Friday, August 22, 2008

Vary your paragraph length like NYT columnist Floyd Norris

It can be painful to read a page full of long sentences and longer paragraphs. That's why, when I teach "How to Write Investment Commentary that People Will Read," I suggest that people vary the length of their sentences and paragraphs.

New York Times columnist Floyd Norris illustrates this nicely in the print version of his article"No Profit Without Risk."

In the print version, a two-line paragraph follows an eight-line paragraph and a 10-line paragraph. The contrast between two vs. eight and ten in the print version is starker than what you'll see in the online article. By the way, the online article goes by a different title than the print version, so please don't tell me I got his title wrong.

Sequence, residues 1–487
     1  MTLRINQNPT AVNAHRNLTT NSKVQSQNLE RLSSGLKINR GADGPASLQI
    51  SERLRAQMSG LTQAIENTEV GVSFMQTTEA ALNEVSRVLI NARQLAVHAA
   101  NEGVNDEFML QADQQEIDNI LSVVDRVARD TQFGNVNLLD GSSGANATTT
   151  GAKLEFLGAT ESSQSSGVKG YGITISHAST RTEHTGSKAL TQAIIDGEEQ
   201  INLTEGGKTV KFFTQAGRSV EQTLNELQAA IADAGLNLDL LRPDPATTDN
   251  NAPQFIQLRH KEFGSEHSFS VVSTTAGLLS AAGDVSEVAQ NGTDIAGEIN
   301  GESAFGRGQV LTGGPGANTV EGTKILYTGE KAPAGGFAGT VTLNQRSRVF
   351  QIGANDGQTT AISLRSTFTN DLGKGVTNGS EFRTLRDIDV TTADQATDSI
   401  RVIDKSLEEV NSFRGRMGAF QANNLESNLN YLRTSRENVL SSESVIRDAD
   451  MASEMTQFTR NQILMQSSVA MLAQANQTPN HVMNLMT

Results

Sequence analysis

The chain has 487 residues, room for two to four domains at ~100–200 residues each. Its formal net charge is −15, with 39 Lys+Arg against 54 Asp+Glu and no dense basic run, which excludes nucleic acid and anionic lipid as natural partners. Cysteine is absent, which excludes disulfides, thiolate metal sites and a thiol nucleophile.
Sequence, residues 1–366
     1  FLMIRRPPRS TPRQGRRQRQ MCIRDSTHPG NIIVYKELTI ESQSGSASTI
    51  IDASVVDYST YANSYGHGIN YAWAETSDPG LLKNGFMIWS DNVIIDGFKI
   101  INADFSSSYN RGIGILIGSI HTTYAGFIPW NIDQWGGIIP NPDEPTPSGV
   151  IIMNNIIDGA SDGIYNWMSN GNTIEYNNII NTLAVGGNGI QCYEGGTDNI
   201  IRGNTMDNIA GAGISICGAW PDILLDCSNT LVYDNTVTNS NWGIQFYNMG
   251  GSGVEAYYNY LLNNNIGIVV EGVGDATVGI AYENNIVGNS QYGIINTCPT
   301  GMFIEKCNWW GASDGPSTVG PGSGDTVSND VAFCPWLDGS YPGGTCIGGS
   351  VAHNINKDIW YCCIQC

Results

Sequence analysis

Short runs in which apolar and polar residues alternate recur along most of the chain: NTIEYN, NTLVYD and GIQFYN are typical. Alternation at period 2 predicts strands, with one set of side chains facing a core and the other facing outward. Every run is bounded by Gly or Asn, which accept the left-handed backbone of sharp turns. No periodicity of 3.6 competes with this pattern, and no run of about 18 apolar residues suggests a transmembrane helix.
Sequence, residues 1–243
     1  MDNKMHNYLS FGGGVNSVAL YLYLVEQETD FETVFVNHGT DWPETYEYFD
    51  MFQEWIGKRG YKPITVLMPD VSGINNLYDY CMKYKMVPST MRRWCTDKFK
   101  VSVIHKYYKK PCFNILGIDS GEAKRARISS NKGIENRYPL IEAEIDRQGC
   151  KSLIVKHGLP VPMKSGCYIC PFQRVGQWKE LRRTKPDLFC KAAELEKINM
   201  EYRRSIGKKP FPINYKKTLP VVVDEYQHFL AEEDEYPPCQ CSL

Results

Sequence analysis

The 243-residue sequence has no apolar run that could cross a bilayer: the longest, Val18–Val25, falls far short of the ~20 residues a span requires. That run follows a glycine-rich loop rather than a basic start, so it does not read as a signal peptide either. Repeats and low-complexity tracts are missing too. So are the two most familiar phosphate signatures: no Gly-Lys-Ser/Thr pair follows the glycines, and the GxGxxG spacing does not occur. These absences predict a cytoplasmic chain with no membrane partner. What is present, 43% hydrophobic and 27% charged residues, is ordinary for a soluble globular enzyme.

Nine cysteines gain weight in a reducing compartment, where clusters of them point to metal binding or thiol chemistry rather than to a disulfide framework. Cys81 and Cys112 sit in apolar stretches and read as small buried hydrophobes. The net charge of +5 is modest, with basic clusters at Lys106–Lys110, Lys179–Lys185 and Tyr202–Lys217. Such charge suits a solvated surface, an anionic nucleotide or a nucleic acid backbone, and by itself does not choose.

The short third paragraph comes as a relief. It gives the reader a chance to breathe. Plus, its shortness emphasizes the contrast between the content of the first two paragraphs and third.

In fact, Norris' opening three paragraphs illustrate a classic article approach that goes like this:
People thought blah blah blah blah blah blah blah blah blah blah blah blah blah blah blah blah blah blah blah blah blah blah blah blah blah blah blah blah blah blah blah blah blah blah blah blah blah blah blah blah blah blah blah blah blah blah blah blah blah blah blah blah
They were wrong.

So, think about mixing up your sentence and paragraph lengths the next time you write. Your readers will reward you by paying attention longer.


_________________
Susan B. Weiner, CFA
Investment Writing

Writing that's an investment in your success

Check out my website at www.InvestmentWriting.com or sign up for my free monthly e-newsletter.

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